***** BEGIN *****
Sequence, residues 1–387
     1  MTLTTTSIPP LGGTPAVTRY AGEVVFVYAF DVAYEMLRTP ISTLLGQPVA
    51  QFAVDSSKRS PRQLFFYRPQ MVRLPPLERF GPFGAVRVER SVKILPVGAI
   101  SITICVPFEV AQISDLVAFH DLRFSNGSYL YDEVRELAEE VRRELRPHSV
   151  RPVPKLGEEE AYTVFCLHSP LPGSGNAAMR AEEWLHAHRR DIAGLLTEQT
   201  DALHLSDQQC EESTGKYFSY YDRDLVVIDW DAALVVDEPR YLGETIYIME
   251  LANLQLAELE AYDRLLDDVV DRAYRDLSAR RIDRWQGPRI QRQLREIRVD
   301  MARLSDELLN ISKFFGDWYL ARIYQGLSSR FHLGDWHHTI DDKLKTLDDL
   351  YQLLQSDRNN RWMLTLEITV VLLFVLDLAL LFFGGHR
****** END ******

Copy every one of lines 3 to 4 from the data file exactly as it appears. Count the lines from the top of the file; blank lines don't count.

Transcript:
    51  QFAVDSSKRS PRQLFFYRPQ MVRLPPLERF GPFGAVRVER SVKILPVGAI
   101  SITICVPFEV AQISDLVAFH DLRFSNGSYL YDEVRELAEE VRRELRPHSV